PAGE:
Anxiety Over ACA Repeal Grows as Negative Impacts Become Apparent


Anxiety among both the public and lawmakers continues to rise as House and Senate Republicans last week took the first step toward their ultimate goal of repealing the Affordable Care Act.  At least 5 Republican Senators have stated their support for having a replacement plan to go along with any repeal legislation. Several Republican governors who have expanded Medicaid under the ACA have also expressed their concern over a model that does not include replacement legislation. Governors John Kasich and Rick Snyder of Ohio and Michigan, respectively, have been particularly vocal; their states stand to lose a combined $86 billion in federal funding if the ACA is repealed.

Efforts to repeal the ACA were further muddied on January 17th, when the Congressional Budget Office released its report which details the impact of repealing the ACA without replacement legislation. The CBO is the non-partisan Congressional office tasked with providing independent analyses of budgetary and economic issues to support the Congressional budget process. Highlights of the report include:

  • 18 million people could lose their health insurance coverage within the first year, and 32 million could lose coverage within ten years, between Medicaid and the individual insurance market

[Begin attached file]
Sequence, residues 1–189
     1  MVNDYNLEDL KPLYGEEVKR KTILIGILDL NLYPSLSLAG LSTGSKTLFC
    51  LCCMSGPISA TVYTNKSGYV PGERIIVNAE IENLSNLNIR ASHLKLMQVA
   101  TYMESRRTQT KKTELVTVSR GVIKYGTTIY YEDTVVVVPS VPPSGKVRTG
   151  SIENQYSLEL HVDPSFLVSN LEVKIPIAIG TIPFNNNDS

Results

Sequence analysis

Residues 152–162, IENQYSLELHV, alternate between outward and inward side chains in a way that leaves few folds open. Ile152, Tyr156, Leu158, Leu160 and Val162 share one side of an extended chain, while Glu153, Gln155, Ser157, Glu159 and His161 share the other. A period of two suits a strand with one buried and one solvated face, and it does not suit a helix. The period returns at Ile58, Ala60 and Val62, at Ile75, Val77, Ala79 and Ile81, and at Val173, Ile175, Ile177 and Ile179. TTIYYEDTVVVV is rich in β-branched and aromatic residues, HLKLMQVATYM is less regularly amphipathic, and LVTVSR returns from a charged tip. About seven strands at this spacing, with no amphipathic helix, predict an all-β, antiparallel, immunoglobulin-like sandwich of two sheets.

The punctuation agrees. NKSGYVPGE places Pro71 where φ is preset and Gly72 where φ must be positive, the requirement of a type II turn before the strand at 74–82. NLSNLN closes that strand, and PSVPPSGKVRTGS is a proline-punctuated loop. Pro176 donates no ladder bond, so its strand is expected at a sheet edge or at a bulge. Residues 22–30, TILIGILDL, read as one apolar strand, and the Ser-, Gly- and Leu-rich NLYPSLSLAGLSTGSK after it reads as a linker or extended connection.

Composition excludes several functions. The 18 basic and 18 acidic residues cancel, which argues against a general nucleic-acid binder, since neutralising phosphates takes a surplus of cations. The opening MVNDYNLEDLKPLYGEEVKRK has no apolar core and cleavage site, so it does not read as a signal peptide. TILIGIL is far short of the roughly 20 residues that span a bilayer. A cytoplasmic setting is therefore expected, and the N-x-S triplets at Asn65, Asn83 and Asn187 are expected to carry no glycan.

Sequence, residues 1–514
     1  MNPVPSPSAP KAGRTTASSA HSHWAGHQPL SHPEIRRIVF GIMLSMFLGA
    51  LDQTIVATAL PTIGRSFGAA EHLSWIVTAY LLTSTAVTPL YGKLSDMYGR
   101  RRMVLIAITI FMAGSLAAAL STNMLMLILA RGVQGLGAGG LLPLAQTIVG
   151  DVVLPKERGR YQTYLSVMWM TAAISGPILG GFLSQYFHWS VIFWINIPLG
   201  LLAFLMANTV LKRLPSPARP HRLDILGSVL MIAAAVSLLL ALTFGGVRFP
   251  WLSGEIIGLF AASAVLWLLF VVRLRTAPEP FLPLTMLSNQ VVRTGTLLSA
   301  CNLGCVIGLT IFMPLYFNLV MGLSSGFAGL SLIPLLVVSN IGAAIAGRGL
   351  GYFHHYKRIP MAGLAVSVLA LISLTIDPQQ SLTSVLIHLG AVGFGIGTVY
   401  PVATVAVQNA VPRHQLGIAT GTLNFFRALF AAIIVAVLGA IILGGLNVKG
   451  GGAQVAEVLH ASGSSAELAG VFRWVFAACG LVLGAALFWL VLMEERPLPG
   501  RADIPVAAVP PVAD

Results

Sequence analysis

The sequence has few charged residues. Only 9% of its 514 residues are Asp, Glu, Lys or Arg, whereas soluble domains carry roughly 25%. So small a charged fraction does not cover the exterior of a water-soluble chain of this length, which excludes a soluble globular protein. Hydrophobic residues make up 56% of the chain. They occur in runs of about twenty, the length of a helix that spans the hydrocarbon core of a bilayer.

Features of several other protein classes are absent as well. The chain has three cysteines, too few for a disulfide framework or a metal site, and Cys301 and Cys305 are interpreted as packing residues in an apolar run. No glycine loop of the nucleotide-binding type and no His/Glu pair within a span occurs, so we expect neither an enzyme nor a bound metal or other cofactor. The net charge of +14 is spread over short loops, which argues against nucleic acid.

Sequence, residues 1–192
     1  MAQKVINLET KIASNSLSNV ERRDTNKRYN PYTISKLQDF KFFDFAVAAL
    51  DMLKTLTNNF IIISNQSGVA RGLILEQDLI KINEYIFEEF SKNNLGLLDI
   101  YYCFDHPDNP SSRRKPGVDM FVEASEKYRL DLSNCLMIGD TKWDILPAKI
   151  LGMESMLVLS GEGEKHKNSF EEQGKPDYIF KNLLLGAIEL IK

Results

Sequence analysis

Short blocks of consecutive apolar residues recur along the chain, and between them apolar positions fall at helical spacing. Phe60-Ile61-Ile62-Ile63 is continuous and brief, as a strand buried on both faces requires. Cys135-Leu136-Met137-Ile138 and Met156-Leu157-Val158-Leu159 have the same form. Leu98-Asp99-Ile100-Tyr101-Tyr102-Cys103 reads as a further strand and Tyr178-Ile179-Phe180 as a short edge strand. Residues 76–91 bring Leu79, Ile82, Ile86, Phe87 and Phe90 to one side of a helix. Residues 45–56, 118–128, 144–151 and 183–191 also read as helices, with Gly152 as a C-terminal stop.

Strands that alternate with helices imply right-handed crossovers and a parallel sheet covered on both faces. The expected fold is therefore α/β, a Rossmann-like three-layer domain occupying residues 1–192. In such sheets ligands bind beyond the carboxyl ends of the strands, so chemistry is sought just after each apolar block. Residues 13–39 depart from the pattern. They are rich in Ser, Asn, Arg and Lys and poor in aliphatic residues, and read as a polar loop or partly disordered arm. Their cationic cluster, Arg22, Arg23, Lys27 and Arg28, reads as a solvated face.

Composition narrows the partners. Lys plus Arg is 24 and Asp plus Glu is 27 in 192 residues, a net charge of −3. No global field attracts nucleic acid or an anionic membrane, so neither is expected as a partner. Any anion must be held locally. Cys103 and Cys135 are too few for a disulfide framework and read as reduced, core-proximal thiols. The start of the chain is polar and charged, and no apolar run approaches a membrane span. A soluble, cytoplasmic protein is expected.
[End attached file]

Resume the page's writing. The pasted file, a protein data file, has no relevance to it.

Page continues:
• Destabilization of the individual insurance market due to the elimination of the individual mandate and premium subsidies for low-income individuals resulting in a “death spiral”
  • Half of the country would be living in areas with no insurer in the individual market in the first year, and three-fourths would live in such areas by 2026
  • Premiums for health insurance coverage purchased on the individual market would be 20 percent to 25 percent higher in the first year

Congress has a daunting landscape as it moves ahead with its plans to repeal and replace the ACA. It is a near certainty that the Affordable Care Act will be altered in some way. It is less certain what those alterations might look like. ANA stands by its core principles and demands that any replacement legislation reflect our principles: universal access to a standard package of essential health benefits for all citizens and residents; utilization of primary, community-based and preventative services while supporting the cost-effective use of innovative, technology-driven, acute, hospital-based services; the economical use of health care services with support for those who do not have the means to share in costs; and a sufficient supply of a skilled workforce dedicated to providing high quality health care services.

Democracy in Action: My Front-Row Seat to the Inauguration & Women’s March


This weekend, I attended both the inauguration and the Women’s March on Washington. In other words, I spent Friday surrounded by staunch supporters of President Trump and Saturday surrounded by those who oppose him.

Both days, I stood shoulder-to-shoulder with smart people who care passionately about this country and who answer the call to engage in the political process. It gave me a unique glimpse into the conversations we are having—and not having—in this country.

January 20th: Inauguration Day

I took President Obama’s farewell speech advice to heart: “If you’re tired of arguing with strangers on the internet, try talking with one of them in real life.” So, wearing my ANA pin, I spoke to everyone around me.